Look! Up in the sky! Is it a bird? A plane? A satellite?

Well, yes, it is a satellite, and Motley Fool Rule Breakers recommendation GeoEye (Nasdaq: GEOY) owns it. But if I might draw your eyes back down to earth for a moment, GeoEye is getting ready to report its year-end financials on Thursday. Let's get its bearings.

What analysts say:

  • Buy, sell, or waffle? Exactly one analyst keeps eyes on GeoEye, rating it a buy.
  • Revenue. Said analyst predicts that quarterly revenue will drop 6.5% $39.5 million...
  • Earnings. ...while profits more than double to $0.63 per share.

What management says:
GeoEye has two operable eyes in the sky right now -- the high-resolution Ikonos and the lower-res OrbView-2 satellites. Problem is, Ikonos only has a few years of life left in it, and OrbView-2 is entering obsolescence. Hopes are high that a new satellite, GeoEye-1, will put GeoEye back in the game, but on Jan. 12, launch partner United Launch Alliance (a joint venture between Boeing (NYSE: BA) and Lockheed Martin (NYSE: LMT)) warned that it may bump GeoEye-1 from its anticipated April 16 launch date -- all the way back to Aug. 22 or later, in fact.

Bad news for existing shareholders -- the day GeoEye filed notice of this risk with the SEC, the stock sank 10% -- but good news for Rule Breakers investors. The fortuitous timing of the announcement created an attractive entry price when we recommended the stock two days later.

What management does:
GeoEye's margin trends are equally attractive. When a business depends on two working satellites, and one not-yet-working unit, for its revenue, you'd expect a bit of lumpiness in the margins. Strangely, GeoEye has managed to grow both its gross and operating margins steadily over the last 18 months, though the net is still lumpy.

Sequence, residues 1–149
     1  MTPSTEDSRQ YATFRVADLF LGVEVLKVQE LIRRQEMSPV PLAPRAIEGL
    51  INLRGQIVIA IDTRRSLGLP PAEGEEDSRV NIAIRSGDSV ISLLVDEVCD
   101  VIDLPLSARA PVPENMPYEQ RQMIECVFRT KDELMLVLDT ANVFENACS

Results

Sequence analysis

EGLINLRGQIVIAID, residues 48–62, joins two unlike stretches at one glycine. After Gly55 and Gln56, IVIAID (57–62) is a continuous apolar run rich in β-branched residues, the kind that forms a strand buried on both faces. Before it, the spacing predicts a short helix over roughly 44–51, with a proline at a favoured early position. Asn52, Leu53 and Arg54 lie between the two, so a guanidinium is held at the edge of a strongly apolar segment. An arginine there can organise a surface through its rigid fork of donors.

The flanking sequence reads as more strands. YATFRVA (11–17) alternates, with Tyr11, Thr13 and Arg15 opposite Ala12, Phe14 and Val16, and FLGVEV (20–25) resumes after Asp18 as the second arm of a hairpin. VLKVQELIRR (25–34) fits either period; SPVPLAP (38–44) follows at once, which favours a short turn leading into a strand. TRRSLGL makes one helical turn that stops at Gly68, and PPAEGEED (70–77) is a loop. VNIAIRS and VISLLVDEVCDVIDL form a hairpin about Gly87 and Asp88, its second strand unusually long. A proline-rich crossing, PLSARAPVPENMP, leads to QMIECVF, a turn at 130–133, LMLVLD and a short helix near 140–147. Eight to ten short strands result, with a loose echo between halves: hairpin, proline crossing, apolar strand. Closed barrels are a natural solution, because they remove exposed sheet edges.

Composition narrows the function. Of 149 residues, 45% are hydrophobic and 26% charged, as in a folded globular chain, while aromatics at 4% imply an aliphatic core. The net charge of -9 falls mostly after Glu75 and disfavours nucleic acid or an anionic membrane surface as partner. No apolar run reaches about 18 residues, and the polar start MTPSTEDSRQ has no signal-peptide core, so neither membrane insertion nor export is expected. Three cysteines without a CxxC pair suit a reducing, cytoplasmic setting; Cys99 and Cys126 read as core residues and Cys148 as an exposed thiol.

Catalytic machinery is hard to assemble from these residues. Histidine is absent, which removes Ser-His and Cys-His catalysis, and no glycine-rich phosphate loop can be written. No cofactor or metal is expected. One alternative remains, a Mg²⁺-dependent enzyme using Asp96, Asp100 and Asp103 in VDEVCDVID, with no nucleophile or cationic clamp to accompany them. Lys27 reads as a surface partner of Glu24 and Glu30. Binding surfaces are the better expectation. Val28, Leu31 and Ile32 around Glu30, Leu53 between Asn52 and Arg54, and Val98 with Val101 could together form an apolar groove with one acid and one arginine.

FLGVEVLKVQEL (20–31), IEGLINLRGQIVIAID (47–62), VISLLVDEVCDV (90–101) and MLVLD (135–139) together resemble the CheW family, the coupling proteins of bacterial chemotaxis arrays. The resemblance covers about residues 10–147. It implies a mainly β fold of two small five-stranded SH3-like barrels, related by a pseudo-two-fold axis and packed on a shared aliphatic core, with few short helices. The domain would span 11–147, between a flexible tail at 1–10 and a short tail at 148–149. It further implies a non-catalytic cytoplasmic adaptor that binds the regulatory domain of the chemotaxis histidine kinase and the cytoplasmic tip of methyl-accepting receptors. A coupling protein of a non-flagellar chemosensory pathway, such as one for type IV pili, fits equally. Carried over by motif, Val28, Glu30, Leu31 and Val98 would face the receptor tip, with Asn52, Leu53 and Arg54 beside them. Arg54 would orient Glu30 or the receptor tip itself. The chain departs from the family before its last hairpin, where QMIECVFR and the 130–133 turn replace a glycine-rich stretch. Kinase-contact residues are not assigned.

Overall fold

Margins

6/06

9/06

12/06

3/07

6/07

9/07

Gross

58%

60.5%

63.9%

66.3%

71.8%

73.1%

Operating

11.5%

23.6%

28.6%

32.1%

39.1%

40.9%

Net

(5.8%)

10%

15.5%

(4.7%)

5.7%

32.1%

All data courtesy of Capital IQ, a division of Standard & Poor's. Data reflects trailing-12-month performance for the quarters ended in the named months.

One Fool says:
Summing up his investment thesis on the company in the February issue of Rule Breakers, fellow Fool Karl Thiel put it to us like this:

GeoEye faces a critical event with the launch of its newest satellite, but I believe there's an excellent chance of success. Best-in-the-world capability, government contracts, and commercial demand will unlock great growth for a little-known company that's undervalued even on the basis of its existing revenue and cash flow. It may make sense to withhold part of your investment until GeoEye-1 is safely in space, but you should definitely consider launching your journey with the only pure-play company in remote sensing.

I agree. Selling for just 12 times trailing earnings, but expected (albeit by just a single analyst) to grow those earnings at 20% per year over the next five years, GeoEye sure looks cheap to me. Then again, that valuation could change in a hurry if one or the other of GeoEye's still-working birds drops dead, or if anything goes wrong with the third satellite. This one's a gamble, folks, no doubt. But it might be worth a flyer.

On the other hand, if you like your risks less concentrated, consider investing in one of the several high-tech firms that sell to, and will benefit from, GeoEye's success -- while not necessarily depending on it. General Dynamics, Orbital Sciences (NYSE: ORB), Northrop Grumman, and ITT all count GeoEye as a customer.

Investing in high-risk, high-reward "flyers" is the name of the game at Motley Fool Rule Breakers. If that's a game you're willing to play, take the service for a spin for free and see what other ideas we have in store.

Fool contributor Rich Smith does not own shares of any company named above. The Motley Fool has a disclosure policy.